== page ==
Politics, misinformation undermine Topeka debate on police reform

By: - August 25, 2020 12:45 pm
Topeka Mayor Michelle De La Isla, the Democratic nominee for Congress in the 2nd District, laughs during a news conference Tuesday about the suggestion by Kim Borchers that the mayor is angling for the "woke vote" by pursuing police reform. (Sherman Smith/Kansas Reflector)

Topeka Mayor Michelle De La Isla was the Democratic nominee for Congress in the 2nd District. She lost to Republican State Treasurer Jake LaTurner. With LaTurner leaving for Congress, Gov. Laura Kelly has appointed Lt. Gov. Lynn Rogers as state treasurer. Kelly is set to announce a new lieutenant governor on Monday, Dec. 14. (Sherman Smith/Kansas Reflector)

Kim Borchers wants Topeka residents to be afraid.

Topeka Mayor Michelle De La Isla wants people to stop paying attention to lies they see online.

A Kansas delegate to the Republican National Convention, Borchers hurled a Molotov cocktail of misinformation, anger and fear into public debate on police reform during a live Facebook video earlier this month with a retired Topeka police officer. She urged Topekans to rally in opposition of police reform ahead of Tuesday evening’s special city council meeting dedicated to that subject.

Demands by Black Lives Matter and others for transparency, accountability, training and changes in police tactics are really a starting point, Borchers claimed without evidence, for abolishing police altogether.

People should be scared, she said. Wives should be scared to meet their spouses for dinner downtown, for instance. Roving bands of criminals will flock to Topeka, knowing it is prime for plunder.

“Let’s just paint a picture,” Borchers said. “Let’s say your daughter’s been abducted, right? Don’t you want the law enforcement to do whatever they have in their disposal in order to find that person? Let’s say they find them, right, and they go in. Do you want them to do the knock?

“If you think your kid’s there, and that person could go out a back door, do you want them to be able to get a head start? I don’t think so. I think you want law enforcement to be able to go in and bash down the door and get your kid.”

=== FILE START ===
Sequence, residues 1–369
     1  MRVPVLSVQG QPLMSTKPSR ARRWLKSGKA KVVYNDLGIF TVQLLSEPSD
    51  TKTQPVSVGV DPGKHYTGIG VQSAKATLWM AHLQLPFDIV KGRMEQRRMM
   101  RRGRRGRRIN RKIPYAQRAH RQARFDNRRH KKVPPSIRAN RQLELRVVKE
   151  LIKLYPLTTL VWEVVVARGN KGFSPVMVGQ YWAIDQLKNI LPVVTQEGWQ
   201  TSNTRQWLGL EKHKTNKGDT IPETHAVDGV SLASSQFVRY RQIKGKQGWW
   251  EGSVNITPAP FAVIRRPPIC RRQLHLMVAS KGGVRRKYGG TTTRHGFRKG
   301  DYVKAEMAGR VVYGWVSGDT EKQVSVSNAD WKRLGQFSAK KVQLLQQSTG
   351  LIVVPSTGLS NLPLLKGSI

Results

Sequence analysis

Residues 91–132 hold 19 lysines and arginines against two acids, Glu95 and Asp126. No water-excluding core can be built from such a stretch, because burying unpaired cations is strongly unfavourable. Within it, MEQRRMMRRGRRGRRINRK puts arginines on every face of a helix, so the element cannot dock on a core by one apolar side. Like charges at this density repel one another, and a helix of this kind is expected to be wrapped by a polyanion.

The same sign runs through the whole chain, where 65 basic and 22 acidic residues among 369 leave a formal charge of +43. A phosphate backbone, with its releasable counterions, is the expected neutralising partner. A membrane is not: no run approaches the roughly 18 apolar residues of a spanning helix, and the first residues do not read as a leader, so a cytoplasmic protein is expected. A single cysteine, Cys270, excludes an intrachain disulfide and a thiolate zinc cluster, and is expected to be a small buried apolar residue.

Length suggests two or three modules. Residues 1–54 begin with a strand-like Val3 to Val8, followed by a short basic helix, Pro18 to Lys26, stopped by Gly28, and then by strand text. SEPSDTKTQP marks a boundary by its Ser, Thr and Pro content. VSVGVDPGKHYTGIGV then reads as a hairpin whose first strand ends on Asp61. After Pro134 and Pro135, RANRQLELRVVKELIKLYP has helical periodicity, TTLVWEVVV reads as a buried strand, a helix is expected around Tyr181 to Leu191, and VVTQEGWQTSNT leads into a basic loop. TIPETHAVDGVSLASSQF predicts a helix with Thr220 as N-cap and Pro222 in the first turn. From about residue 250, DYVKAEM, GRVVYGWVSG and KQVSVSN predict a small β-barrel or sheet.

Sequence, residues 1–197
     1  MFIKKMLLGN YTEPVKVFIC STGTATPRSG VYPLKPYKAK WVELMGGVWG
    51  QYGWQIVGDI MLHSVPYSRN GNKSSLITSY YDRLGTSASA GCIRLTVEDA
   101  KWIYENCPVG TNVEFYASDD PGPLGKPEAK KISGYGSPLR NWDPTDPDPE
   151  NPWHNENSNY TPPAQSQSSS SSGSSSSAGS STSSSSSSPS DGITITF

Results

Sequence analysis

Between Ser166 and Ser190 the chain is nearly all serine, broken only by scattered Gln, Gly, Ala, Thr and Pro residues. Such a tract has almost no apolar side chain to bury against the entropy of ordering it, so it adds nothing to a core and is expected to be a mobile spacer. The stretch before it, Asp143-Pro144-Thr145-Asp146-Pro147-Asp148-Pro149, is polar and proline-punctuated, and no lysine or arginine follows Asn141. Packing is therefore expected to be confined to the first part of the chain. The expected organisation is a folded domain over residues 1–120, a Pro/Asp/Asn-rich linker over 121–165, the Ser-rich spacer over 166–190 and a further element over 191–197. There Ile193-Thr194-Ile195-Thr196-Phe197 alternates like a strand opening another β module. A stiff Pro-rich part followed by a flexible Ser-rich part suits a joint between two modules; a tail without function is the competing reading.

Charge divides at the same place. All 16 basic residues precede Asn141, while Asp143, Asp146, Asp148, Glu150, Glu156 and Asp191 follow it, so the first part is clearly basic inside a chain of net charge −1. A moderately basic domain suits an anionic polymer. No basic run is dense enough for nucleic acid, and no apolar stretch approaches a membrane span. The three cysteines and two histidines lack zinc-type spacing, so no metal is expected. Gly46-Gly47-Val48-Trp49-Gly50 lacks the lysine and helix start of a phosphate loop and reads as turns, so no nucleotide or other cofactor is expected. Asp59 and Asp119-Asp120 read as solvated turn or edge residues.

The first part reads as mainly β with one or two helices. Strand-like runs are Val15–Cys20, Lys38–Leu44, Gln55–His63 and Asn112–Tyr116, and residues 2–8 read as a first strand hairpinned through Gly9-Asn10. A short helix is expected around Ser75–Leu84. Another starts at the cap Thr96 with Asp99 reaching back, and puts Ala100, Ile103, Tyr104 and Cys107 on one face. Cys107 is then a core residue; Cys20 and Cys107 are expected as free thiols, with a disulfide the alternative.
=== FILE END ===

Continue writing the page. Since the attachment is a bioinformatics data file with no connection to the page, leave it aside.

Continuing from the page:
Borchers’ hypothetical is moot. A ban on no-knock warrants that the council passed earlier this year, with support from the police chief, includes an exception for extenuating circumstances.

During a news conference Tuesday morning, De La Isla, the Topeka mayor and Democratic nominee for the 2nd District seat in the U.S. House, railed against the “unrest” caused by false narratives.

In a 15-minute speech, De La Isla revealed she has been the target of two recent threats, voiced affection for Black brothers and sisters, and talked about the time police saved her life from an abusive ex-husband on Valentine’s Day.

“For the record, I’ve been threatened before, and I’m still here,” De La Isla said. “It’s time for us to stop the threats. It’s time for us to come together. It’s time for us to look for the truth. The truth is available to you.”

The mayor said she has passed along two concerning emails to police, both with known senders. One of them, she said, advised: “You want trouble, I’m going to be your Huckleberry.” Another individual called her “trash” and warned: “Don’t you dare respond, because if you do, you’re going to have to call the police.”

A special meeting was scheduled for Tuesday night to give the public a chance to talk about both reform and support for police. About 50 community members have signed up to speak, and the council will take no action.

Dueling demonstrations by police supporters and Black Lives Matter were planned in advance of the 6 p.m. meeting.

Borchers is known in Topeka for her crusade against books she doesn’t like at the Topeka and Shawnee County Public Library. She also handled cabinet appointments for Gov. Sam Brownback and this week is representing the Republican Party on a national stage.

“This is not R vs D. This is not white, black, brown,” Borchers said in her Aug. 11 video, in which she discussed the pitfalls of police reform with retired officer Ron Gish.

Kim Borchers and retired Topeka police officer Ron Gish identify pitfalls of police reform during a live video broadcast on Facebook. Borchers suggested the end game is to abolish police altogether. (Screenshot by Kansas Reflector)